Careful patient selection, aggressive preoperative medical optimization, and appropriate postoperative management for patients undergoing elective anterior cervical discectomy and fusion required
A study published in the Dec. 1 issue of the journal Spine argues for the importance of careful patient selection, aggressive preoperative medical optimization, and appropriate postoperative management for patients undergoing elective anterior cervical discectomy and fusion (ACDF).
Study Design. Retrospective cohort study. Objective. The goal of the present study was to determine whether neck pain responds differently to anterior cervical discectomy and fusion (ACDF) between patients with cervical radiculopathy and/or cervical myelopathy. Summary of Background Data. Many patients who undergo ACDF because of radiculopathy/myelopathy also complain of neck pain. However, no studies have compared the response of significant neck pain to ACDF. Methods. Patients undergoing one to three-level primary ACDF for radiculopathy and/or myelopathy with significant (Visual Analogue Scale [VAS] ≥ 3) ne...
The safety of outpatient one- and two-level anterior cervical discectomy and fusion (ACDF) has been validated in a number of recent studies. However, recent advancements in anesthetic and surgical technique have rendered procedures previously only performed in an inpatient setting, such as three- and four-level ACDF, potentially amenable to outpatient management.
In this study, we show that18F-DCFPyl might detect neovasculature in advanced, metastatic differentiated thyroid cancer (DTC). We first stained the preserved lymph node samples of three patients with DTC who had undergone total thyroidectomy and neck dissection for cervical lymph node metastatic disease to identify PSMA expression, with the PSMA antibody (DAKO Monoclonal). Then, we performed18F-DCFPyl imaging in two other advanced DTC patients with elevated serum thyroglobulin (Tg), indicative of residual disease. We compared the findings with contemporaneous FDG PET/CT scan, conventional Imaging (CT,MRI) and whole-body sc...
ConclusionThe CST was tightly adhered to the alar fascia and could be naturally retracted with the alar fascia. Retracting the alar fascia can effectively protect the CST.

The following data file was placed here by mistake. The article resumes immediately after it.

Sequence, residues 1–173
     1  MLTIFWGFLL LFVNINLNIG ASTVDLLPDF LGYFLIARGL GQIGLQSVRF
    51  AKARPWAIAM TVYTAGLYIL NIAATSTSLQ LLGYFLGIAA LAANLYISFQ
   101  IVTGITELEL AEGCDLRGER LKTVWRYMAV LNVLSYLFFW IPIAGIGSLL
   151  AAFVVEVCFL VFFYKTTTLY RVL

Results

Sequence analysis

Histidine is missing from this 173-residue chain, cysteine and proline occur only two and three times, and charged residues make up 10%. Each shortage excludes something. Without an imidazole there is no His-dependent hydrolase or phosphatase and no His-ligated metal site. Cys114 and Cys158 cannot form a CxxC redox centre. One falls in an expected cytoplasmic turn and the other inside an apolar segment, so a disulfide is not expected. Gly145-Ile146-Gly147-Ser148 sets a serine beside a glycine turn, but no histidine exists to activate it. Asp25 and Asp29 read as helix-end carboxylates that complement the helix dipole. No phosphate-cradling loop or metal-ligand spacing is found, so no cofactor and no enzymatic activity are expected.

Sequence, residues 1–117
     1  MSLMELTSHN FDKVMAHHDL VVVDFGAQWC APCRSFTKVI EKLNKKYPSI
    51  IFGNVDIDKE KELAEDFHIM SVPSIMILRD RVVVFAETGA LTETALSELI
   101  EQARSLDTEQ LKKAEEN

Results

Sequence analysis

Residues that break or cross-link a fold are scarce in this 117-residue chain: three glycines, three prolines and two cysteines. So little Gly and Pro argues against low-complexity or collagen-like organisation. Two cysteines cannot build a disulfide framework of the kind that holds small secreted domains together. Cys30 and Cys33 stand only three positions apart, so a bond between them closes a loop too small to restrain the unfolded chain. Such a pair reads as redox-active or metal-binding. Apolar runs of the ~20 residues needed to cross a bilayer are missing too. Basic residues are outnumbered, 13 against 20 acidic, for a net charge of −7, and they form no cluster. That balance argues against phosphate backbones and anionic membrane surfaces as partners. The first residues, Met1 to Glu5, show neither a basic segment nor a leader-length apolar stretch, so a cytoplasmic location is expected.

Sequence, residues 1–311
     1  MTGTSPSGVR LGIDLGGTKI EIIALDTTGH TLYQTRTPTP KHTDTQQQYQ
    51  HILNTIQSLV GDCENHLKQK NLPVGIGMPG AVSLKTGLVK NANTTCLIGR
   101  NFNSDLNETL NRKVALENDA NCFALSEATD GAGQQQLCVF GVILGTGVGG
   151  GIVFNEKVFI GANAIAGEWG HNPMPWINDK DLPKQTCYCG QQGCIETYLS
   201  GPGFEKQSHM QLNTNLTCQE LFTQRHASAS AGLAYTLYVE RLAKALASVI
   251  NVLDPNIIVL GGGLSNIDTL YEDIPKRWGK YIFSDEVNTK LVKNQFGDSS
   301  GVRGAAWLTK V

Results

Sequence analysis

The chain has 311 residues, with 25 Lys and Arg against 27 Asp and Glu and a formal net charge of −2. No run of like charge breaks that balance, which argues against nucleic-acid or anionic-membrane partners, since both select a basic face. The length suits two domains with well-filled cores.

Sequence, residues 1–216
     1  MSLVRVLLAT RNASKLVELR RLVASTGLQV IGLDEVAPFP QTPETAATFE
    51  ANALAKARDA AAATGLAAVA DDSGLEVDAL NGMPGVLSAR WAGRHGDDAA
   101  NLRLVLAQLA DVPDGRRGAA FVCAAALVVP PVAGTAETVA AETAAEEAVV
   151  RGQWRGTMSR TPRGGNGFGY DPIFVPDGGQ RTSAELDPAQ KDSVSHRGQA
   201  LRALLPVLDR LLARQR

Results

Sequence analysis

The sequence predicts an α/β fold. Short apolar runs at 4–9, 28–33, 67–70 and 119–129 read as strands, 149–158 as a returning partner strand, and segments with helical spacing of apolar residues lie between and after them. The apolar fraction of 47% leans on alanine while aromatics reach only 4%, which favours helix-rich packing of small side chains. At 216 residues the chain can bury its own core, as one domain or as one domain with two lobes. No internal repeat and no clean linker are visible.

CONCLUSIONS: The dilator-Dotter technique may be a safe and effective modification of the traditional Dotter technique in allowing rapid ICA recanalization in cases of acute ischemic stroke due to tandem occlusions.
CONCLUSIONS: The current report described two rare cases of ischemic stroke caused by CAD secondary to APS, along with a review of the literature; the patients displayed characteristic clinical manifestations, implying specific mechanisms for cerebral artery disorders secondary to APS. PMID: 33016197 [PubMed - as supplied by publisher]
Publication date: Available online 2 October 2020Source: Interdisciplinary NeurosurgeryAuthor(s): Lei Fang, Zi-Liang Shen, Shu-Qiang Wang, Yong Kuang
CONCLUSION: Our data indicates that we are meeting quality measures, set by higher volume centres. We believe that any surgeon with subspecialty training in head and neck surgery can meet quality measures with regards to cervical lymphadenopathy for cutaneous malignancy. PMID: 32994593 [PubMed - in process]
In our previous anatomic study, the authors could pull the platysma effectively in the medial direction, lateral direction, or both the medial and lateral directions. In this paper, the authors analyzed the results of our series of modified medial and lateral platysmaplasties, in which the technique was based on Hamra's platysmaplasty, modified in light of Feldman's corset platysmaplasty and Mendelson's concepts. In medial platysmaplasty, subcutaneous dissection was performed from the mandibular border to 2 or 3 finger breadths above the xiphoid process. Lateral platysmaplasty required only peri-lobular subcutaneous disse...
Osteoporosis (OP) is a highly prevalent condition, yet there remains limited information on complications that arise for OP patients who undergo anterior cervical discectomy and fusion for cervical radiculopathy or cervical myelopathy.